THE CHALLENGES OF CREDIBLE ELECTION IN NIGERIA (A CASE STUDY OF 2011 PRESIDENTIAL ELECTIONS)
With 2015 elections forthcoming and base on the plethora problems that Nigerian elections are always faced with, it is imperative to look back at the 2011 presidential election with a view of knowing and understanding some of the challenges that Nigeria elections are plagued with. It is on this note that this research work strives to look at the challenges of conducting credible elections in Nigeria. Using the elite theory as theoretical framework, the work reviewed some literatures on the concept of election, electoral processes, voting behaviour and electoral violence. Further on, the work used the primary source of data collection to collect data whereby 120 questionnaires in close ended form and was administered in Zaria. The findings revealed that although the 2011 presidential election was not too successful, yet it was a leap forward as compared to others. Also from the findings, it was discovered that the major challenges of Nigeria elections are ballot box snatching, thugs’ actions, bribery and insecurity. To overcome this challenges, the work propose that priority should be given to electoral activities by citizens and institutions of government and that full autonomy be granted to the electoral body by government.
CHAPTER ONE; INTRODUCTION
Democracy today is seen to be the most popular form of government in the world. Almost every leader in the world wants to be seen as a democrat or running a democratic regime (Anifowose ed. 1999; 141). In the late last century, the world has witnessed the emergence of movements in Africa, Asia and Eastern Europe from dictatorial rule to a new form of government and is controlled by the people, which is democracy. Democracy as such holds a strong appeal among the ordinary people.
Democracy which is gotten from the two Greek words ‘Demo’ and ‘Kratio’ meaning ‘rule by the people’ has its origin from the Greek city of Athens. It is a form of government which is characterized by popular rule or majority rule, a form of government whereby people takes part in policy making and policy implementation directly or through representatives (Madaki ed. 2012; 160). Democracy can thus be seen as a set of ideas, processes and institutions of governance that allows the broad mass of people to choose their leaders and that guarantees them a broad range of civic rights. Democracy thus can be regarded as a form of government, a way of life or an attitude of the mind (Anifowose ed. 1999; 144).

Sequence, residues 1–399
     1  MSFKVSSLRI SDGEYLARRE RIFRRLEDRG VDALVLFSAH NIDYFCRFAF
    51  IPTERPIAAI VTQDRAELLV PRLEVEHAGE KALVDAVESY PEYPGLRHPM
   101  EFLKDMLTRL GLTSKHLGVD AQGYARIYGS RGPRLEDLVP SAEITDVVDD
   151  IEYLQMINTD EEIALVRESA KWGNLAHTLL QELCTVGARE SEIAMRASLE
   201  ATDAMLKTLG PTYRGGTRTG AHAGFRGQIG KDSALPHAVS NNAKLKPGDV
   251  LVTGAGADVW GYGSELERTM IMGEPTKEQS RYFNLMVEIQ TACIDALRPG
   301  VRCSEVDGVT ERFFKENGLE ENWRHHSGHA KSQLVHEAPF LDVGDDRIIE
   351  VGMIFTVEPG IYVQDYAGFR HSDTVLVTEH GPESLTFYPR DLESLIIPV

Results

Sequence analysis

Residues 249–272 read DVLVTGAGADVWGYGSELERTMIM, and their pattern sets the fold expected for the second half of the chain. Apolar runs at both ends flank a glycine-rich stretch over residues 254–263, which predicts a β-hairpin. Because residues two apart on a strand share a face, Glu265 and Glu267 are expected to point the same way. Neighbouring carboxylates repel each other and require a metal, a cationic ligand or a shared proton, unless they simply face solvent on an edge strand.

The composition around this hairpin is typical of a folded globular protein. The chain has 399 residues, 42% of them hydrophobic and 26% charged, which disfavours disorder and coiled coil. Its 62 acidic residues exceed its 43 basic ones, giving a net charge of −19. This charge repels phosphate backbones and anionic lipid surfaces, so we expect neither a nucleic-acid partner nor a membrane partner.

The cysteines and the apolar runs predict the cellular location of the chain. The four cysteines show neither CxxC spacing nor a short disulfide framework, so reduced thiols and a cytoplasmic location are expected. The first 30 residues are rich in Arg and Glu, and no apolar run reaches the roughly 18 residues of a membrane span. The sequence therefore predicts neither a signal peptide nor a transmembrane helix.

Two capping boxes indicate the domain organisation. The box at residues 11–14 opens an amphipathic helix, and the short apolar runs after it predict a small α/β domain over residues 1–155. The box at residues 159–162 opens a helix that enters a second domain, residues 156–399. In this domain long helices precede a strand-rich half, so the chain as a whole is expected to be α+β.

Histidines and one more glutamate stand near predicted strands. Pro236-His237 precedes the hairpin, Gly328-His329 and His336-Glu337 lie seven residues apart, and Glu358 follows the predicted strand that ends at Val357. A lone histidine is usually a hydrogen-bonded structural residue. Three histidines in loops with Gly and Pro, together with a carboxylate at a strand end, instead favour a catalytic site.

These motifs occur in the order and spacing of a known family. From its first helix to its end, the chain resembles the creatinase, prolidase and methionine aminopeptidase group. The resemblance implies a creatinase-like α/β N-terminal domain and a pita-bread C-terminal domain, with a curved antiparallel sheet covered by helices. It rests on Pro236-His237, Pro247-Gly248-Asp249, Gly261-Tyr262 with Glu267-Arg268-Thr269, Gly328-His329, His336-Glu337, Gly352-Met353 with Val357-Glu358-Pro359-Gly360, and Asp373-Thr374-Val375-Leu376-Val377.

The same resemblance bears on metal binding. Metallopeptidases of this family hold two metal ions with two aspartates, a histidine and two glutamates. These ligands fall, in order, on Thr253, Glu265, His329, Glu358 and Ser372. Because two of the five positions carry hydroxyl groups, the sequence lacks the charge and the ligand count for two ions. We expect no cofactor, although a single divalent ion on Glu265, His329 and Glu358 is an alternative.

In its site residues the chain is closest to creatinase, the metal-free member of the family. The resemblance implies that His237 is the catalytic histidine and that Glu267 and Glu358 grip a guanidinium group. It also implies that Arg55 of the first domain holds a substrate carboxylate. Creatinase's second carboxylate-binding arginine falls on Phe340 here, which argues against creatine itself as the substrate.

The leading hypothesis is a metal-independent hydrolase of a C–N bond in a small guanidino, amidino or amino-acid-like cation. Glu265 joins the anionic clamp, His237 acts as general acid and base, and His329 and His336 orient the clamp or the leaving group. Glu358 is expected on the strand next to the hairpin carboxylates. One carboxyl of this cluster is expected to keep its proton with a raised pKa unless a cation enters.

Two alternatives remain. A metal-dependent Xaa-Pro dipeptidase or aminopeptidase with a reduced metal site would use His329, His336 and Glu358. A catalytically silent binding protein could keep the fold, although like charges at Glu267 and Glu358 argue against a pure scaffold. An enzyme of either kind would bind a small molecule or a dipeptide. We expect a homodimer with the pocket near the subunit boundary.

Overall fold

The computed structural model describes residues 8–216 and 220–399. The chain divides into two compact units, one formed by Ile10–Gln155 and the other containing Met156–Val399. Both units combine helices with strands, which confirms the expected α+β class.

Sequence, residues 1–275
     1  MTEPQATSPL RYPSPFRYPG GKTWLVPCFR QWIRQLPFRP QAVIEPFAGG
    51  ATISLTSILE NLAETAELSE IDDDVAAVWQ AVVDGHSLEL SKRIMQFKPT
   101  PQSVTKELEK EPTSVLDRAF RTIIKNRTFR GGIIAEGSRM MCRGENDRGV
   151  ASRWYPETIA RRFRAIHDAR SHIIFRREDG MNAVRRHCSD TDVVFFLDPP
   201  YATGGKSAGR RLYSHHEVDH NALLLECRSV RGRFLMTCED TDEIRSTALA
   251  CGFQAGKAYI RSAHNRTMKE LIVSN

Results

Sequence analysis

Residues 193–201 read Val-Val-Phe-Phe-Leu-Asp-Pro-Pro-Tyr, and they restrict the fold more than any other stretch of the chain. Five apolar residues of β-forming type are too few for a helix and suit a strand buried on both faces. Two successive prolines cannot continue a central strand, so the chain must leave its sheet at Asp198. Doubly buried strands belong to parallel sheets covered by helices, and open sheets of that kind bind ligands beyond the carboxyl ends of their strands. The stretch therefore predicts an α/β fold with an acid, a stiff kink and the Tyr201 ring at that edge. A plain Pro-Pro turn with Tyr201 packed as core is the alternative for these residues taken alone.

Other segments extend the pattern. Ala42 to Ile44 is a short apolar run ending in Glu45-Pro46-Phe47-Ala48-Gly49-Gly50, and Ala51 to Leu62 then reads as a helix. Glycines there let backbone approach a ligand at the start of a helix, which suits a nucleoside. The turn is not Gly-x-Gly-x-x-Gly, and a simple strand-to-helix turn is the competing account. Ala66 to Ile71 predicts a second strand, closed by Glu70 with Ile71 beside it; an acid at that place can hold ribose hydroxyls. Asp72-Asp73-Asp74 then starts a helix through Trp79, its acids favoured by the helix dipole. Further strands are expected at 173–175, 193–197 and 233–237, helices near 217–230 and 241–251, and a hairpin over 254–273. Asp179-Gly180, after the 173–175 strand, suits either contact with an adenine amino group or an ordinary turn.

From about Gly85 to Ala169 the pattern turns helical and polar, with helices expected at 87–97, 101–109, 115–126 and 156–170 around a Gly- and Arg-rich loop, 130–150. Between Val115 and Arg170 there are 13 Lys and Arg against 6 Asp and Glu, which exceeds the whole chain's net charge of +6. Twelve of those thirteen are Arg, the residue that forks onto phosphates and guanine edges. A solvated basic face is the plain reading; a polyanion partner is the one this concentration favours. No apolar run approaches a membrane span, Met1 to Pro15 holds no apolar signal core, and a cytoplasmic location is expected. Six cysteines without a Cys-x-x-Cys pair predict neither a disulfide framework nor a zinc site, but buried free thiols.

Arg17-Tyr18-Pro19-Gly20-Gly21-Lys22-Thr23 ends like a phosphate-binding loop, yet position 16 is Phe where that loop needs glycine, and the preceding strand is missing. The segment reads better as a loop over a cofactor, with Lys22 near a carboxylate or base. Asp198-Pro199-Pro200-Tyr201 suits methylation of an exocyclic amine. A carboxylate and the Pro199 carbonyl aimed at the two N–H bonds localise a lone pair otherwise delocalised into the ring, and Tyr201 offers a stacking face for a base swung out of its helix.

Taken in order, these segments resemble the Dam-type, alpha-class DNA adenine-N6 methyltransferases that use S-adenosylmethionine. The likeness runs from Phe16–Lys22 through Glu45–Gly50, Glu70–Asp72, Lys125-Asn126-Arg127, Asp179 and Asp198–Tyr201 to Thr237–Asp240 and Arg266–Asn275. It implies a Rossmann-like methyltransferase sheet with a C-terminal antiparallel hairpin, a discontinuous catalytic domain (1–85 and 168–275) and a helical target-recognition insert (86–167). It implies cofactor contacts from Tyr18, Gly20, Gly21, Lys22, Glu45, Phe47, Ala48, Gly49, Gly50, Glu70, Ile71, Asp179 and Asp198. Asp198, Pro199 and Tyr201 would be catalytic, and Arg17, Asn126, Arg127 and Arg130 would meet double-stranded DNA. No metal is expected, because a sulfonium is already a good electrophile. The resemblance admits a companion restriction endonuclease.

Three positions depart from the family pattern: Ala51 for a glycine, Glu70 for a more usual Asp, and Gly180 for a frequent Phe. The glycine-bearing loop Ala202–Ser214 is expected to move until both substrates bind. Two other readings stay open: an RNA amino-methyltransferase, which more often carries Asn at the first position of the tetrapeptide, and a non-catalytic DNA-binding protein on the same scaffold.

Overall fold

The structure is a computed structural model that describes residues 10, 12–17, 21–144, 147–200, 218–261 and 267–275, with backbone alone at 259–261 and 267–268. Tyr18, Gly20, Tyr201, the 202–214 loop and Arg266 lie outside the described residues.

Democracy as a form of government works on certain principles or mechanisms. These principles are the driving force in any democratic society and they include; government by consent (periodic elections), public accountability, majority rule, respect for human life, constitutional government etc. (Gauba, 2003; 425).
Since periodic elections are part of the principles of democracy in every nation, election periods are history-making occasions. It is history making because all activities that relates to an election: registering the voters, campaigning for election, voting, making sure that vote count has great consequences for a state and the international community watches with keen interest to see how the processes goes. An electoral process can either make or mar a state. It either helps it to consolidate on the gains of democracy or throws away the effort of a state past patriots and heroes (Madaki, 2012; 159).
Nigeria as a nation, however, has experienced the ups and downs of elections in the past. The first republic which began from 1960 was marked with tension, arson and acrimony. It eventually collapsed in January, 1966 with the military taking over the reins of government. The second republic did not fare any better, it was abruptly brought to an end also by the military in 1983 led by Gen. Buhari. The June 1993 election which was adjudged to be the freest, fairest and most credible in the history of the country was however annulled by
the military. In 1999, Nigeria had to start the fourth republic with another election with the experience taking us thus far (Madaki, 2012; 160).